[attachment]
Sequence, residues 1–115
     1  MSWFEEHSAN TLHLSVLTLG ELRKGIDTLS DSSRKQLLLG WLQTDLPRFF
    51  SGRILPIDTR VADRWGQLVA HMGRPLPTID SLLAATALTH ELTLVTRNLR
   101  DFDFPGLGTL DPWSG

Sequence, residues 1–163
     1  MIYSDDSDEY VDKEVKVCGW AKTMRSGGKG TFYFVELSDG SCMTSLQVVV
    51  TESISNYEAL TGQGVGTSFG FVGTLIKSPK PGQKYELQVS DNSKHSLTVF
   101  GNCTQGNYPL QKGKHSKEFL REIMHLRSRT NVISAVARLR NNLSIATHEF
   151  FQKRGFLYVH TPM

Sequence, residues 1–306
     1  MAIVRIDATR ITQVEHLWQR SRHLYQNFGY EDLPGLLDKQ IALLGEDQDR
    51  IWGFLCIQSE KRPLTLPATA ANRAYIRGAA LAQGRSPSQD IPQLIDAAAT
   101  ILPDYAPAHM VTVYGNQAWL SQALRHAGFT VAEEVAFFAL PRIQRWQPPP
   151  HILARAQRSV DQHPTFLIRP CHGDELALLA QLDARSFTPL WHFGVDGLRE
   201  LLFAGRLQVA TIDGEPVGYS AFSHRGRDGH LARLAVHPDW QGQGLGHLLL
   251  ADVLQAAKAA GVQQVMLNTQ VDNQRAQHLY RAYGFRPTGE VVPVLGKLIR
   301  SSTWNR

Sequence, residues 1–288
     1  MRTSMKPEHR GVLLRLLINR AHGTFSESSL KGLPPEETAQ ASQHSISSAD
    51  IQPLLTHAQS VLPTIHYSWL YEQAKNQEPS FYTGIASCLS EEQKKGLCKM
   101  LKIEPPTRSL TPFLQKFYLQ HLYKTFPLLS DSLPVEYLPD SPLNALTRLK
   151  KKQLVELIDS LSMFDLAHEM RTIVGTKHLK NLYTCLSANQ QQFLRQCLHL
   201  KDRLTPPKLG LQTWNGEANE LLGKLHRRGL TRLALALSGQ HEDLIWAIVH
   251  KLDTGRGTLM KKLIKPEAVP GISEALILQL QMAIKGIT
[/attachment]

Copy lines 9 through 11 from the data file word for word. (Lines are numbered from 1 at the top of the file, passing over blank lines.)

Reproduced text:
   151  FQKRGFLYVH TPM

Sequence, residues 1–306
     1  MAIVRIDATR ITQVEHLWQR SRHLYQNFGY EDLPGLLDKQ IALLGEDQDR